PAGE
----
Reviving industries in NepalNepal’s industries, in particular, need empathetic policy support from the government to end the liquidity crunch.
It was not a phase of economic growth for the South Asian economies, including Nepal, right before the Covid-19 pandemic made an unprecedented contraction that was termed by India’s Central Bank Reserve Bank of India as ‘historic technical recession’. A trend of shrinking consumption and investment entered further into the downward spiral with the global pandemic halting the normal business operations and letting lives and livelihoods suffer unimaginable losses.
The new growing trend’s structural weakness is ensuring calls for an urgent intervention of significant fiscal support to the industry and people facing desperate situations. The third wave is projected to escalate another round of severe disruptions. Nepal’s excessive reliance on import, remittance and tourism make it even more precarious as the global convergence is imminently chartering towards difficulty. As the economy tailspins into chaos, a possibility of worse or windfall depends on the economic rebounding exercise the government in Nepal finally opts for.
Fiscal policy intervention
With growing economic distress and moving across the frontiers getting increasingly tricky for employment, it’s time the policies be made for absorbing the surplus labourers productively by expanding the base of the domestic economy. While experts can offer a varied number of suggestions, the need of the hour is to prioritise some of the essential action plans for immediate implementation. As per the International Monetary Fund (IMF) findings, the world economy is facing a global liquidity trap. In a nutshell, it implies that any economy with global exposure has to rely primarily on corrective fiscal measures to boost demand and finally attain normalcy. In particular, Nepal’s industries need empathetic policy support from the government to end the liquidity crunch in the short run.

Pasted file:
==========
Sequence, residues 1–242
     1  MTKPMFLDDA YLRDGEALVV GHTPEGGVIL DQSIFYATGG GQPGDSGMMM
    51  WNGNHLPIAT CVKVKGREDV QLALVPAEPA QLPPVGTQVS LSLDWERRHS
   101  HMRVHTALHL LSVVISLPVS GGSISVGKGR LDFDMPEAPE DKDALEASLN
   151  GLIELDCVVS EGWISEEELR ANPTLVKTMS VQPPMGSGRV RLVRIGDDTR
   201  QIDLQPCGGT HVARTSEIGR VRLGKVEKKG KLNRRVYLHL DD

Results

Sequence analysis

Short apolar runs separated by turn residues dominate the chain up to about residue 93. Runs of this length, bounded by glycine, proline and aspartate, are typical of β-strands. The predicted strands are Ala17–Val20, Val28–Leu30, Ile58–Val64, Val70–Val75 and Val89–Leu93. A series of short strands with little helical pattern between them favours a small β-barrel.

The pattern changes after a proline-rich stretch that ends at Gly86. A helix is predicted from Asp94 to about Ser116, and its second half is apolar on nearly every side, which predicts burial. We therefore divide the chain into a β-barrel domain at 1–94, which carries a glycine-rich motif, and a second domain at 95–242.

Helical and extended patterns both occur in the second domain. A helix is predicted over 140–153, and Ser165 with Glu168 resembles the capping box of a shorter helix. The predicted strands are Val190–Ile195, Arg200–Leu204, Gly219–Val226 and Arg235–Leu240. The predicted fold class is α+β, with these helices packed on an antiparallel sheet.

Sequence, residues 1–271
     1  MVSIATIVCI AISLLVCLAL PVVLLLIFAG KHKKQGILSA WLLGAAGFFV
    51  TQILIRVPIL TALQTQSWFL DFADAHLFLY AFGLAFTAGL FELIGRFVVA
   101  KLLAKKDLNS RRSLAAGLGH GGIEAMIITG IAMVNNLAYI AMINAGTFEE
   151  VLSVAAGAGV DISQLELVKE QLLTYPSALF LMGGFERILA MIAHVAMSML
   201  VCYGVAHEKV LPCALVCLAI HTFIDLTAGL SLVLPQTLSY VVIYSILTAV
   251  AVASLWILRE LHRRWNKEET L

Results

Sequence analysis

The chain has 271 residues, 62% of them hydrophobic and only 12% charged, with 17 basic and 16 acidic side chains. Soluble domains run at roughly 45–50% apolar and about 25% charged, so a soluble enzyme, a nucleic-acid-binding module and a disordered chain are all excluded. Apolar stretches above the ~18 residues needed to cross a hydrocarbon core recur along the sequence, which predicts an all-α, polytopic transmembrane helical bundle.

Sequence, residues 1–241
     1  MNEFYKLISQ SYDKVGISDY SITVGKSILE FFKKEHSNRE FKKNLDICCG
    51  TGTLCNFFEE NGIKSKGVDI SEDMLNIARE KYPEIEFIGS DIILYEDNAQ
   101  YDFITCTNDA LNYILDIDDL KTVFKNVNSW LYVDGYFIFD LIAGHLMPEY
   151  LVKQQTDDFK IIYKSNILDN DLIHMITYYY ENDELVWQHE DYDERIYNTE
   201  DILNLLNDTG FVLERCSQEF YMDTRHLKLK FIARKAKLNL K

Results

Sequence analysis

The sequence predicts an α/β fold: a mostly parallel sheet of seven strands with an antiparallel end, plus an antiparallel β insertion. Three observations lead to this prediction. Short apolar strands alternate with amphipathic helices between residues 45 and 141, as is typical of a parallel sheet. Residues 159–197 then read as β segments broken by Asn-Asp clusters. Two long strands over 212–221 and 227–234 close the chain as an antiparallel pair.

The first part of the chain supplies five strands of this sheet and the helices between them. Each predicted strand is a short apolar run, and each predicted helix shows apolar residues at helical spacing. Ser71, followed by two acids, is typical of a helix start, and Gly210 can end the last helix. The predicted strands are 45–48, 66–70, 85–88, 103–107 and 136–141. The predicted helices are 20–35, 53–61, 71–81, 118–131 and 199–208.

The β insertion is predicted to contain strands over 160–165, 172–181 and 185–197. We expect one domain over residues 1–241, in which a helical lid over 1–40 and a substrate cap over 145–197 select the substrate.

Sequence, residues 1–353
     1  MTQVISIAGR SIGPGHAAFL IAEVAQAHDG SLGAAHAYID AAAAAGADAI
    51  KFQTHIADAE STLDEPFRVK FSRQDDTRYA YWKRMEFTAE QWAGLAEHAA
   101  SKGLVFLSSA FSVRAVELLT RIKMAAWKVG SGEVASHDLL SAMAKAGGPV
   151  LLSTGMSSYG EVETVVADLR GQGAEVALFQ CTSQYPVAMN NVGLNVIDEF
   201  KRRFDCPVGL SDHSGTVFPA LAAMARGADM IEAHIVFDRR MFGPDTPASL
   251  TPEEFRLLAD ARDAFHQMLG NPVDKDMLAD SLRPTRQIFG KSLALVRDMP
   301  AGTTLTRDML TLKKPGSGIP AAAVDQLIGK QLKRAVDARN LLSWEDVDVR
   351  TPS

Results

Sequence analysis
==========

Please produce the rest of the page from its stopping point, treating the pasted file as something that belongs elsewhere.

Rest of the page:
With Nepal’s typical development profile, the pandemic has not left much room for entering into the structural-versus-cyclical debate for now. The pressing concern to save lives and livelihoods should drive the action. For that matter, it is imperative to have a broad-based plan to save the national income or Gross Domestic Product (GDP) consisting of private consumption, government consumption and net export. The aggregate demand level in the economy is determined through these factors; on the lower side, it causes lower output (supply) and thus economic depression. Looking back at the economic history of economies in crisis and their struggle for reviving the demand, the role of fiscal policy intervention appears as the only way out on the macroeconomic front.
The Monetary Policy background (2021-22) of Nepal Rastra Bank (NRB) reassures in words, “Refinancing and subsidised loan facilities, together with monetary and regulatory easing, aimed to support economic recovery by minimising the impact of Covid-19, have expanded the flow of credit in the economy. The business operating cost has remained at a lower level even during the pandemic because of the low lending rate at a single digit.” However, the situation on the ground juxtaposes it with the country’s leading businesses in jittery while coping with the most basic working capital requirements.